Remember the inspired “Wheezy Joe” bit in Intolerable Cruelty (i.e., the gun mistaken for an inhaler)? There’s nothing in Caesar that comes close to that. If you ask me Inside Llewyn Davis — by any yardstick a downish, somber-attitude film — is funnier in its own studied way. John Goodman‘s back-seat performance as a junkie musician was a stone classic; ditto that “where’s his scrotum?” scene plus the moment when the amiable G.I. folk singer slurps the cereal milk. There are no bits or performances in Hail, Caesar! that deliver on this level.
Hail, Casear! is about real-life MGM general manager and vp Eddie Mannix (Josh Brolin) and how he deals with the kidnapping of Baird Whitlock (George Clooney), a Robert Taylor-like star during the filming of a Quo Vadis-like Biblical epic called Hail, Caesar!: A Tale of the Christ.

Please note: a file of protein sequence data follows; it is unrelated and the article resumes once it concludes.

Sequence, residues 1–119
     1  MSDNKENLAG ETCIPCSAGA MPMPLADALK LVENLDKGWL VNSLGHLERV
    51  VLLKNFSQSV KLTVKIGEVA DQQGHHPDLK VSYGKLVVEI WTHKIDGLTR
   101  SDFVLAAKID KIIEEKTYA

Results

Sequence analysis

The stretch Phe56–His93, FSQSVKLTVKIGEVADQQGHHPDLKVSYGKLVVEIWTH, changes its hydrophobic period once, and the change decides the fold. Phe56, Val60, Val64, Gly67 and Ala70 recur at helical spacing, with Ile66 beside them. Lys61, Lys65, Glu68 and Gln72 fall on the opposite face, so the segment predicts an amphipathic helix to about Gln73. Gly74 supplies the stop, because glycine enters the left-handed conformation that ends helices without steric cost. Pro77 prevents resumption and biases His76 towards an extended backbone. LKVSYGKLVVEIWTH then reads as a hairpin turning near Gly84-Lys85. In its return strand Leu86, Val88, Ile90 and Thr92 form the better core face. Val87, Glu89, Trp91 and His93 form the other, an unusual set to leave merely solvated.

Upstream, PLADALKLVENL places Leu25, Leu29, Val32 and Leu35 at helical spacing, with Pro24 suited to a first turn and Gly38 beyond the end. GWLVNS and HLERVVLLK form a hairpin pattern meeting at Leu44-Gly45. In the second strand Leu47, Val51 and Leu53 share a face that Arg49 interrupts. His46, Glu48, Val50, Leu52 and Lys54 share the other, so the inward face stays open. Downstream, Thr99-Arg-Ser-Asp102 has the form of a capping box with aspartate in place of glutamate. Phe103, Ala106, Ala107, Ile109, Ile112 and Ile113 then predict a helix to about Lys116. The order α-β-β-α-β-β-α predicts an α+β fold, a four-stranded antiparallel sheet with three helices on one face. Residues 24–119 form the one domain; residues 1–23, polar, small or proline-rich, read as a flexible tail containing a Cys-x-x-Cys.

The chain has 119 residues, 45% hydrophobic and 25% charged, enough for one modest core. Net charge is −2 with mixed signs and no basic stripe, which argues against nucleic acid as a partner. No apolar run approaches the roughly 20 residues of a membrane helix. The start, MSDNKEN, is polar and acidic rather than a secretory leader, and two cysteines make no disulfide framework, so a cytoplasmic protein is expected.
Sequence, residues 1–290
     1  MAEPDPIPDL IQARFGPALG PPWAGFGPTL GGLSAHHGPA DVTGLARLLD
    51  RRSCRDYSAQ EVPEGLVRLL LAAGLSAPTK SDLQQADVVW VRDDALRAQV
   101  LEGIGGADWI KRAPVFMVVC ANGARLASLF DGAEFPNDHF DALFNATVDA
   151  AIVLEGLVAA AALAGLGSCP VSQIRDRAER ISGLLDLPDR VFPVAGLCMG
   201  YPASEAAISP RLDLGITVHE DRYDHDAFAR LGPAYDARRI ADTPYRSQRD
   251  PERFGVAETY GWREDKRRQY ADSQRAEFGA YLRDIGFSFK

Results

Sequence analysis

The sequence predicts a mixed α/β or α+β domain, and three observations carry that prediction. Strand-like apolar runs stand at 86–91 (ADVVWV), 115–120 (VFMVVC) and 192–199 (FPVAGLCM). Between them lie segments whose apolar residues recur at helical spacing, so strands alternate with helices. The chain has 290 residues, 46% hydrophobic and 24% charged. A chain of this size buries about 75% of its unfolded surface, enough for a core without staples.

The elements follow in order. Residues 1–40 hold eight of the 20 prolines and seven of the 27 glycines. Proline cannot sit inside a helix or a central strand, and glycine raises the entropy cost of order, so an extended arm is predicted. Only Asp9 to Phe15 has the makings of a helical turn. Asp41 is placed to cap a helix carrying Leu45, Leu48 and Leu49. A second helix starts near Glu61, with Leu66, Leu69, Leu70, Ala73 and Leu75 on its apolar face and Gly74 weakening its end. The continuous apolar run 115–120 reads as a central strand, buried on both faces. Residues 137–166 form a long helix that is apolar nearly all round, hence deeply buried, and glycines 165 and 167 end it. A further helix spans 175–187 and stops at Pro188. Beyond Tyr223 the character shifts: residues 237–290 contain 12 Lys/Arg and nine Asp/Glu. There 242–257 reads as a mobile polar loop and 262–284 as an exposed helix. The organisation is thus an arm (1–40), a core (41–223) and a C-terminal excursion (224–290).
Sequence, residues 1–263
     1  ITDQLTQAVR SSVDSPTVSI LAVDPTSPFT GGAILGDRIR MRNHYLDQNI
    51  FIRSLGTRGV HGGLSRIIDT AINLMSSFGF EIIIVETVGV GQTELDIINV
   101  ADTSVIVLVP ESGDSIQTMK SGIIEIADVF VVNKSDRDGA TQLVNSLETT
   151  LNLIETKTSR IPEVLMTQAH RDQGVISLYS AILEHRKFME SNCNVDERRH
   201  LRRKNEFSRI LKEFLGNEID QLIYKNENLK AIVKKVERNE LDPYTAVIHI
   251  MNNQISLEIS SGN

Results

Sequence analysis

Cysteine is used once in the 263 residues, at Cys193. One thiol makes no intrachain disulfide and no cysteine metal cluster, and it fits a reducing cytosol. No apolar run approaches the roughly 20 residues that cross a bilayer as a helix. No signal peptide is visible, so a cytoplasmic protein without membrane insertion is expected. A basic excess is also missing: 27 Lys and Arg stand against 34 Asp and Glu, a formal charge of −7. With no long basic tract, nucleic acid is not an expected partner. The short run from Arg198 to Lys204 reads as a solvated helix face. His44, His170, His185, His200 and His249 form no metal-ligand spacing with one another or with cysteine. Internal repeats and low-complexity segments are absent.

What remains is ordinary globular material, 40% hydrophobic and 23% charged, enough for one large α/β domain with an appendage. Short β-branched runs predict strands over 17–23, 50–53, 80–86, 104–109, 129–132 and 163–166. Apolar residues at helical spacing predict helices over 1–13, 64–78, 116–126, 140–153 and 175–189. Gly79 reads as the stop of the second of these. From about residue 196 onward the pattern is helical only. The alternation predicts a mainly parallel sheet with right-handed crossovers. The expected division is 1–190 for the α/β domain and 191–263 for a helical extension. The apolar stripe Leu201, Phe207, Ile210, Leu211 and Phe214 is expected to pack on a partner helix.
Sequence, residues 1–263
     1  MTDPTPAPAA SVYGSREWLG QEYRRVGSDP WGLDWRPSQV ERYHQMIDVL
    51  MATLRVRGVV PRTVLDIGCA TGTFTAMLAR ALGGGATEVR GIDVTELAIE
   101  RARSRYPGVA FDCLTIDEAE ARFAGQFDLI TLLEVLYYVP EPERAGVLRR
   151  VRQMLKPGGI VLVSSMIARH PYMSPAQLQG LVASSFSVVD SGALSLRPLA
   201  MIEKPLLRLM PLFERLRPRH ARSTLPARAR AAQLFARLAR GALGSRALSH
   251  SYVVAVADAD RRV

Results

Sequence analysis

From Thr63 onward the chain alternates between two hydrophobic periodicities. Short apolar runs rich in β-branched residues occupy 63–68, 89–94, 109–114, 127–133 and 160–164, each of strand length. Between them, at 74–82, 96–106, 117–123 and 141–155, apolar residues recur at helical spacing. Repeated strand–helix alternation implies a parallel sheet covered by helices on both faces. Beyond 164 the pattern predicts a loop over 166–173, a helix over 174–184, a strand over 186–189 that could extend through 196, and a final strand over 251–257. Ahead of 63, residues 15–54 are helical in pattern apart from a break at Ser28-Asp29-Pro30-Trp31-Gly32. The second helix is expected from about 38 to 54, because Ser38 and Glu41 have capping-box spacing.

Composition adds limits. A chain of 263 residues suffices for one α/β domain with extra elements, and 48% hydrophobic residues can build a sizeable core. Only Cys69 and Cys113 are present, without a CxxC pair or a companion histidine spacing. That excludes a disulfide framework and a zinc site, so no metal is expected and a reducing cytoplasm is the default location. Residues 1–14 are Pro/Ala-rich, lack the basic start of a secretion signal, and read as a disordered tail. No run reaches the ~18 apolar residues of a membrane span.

Ethically, philosophically and attitudinally I am a daily contradiction — a war of opposing viewpoints contained in the same vessel. While I despise default bumblefuck attitudes (pro-Trump, stop the multicultural hordes from overtaking “our” country, lefties are Godless politically-correct Stalinists) with all my heart and soul, I also occasionally find myself sympathizing to some extent with these doofuses. Not “agreeing” with them as much as understanding why they feel as they do. And on a certain level of horrific premonition I’m feeling very, very scared about what might happen two years hence.
Having just watched the Munk Debate on Political Correctness and White Privilege, I am strongly sensing that the vast majority of Average Joes agree more with Jordan Peterson (“12 Rules For Life: An Antidote to Chaos“) than they do with the brilliant Michael Eric Dyson, who called Peterson “a mean and mad white man” during that recent Toronto encounter. [The rant begins at 5:15 and ends at 8:12.]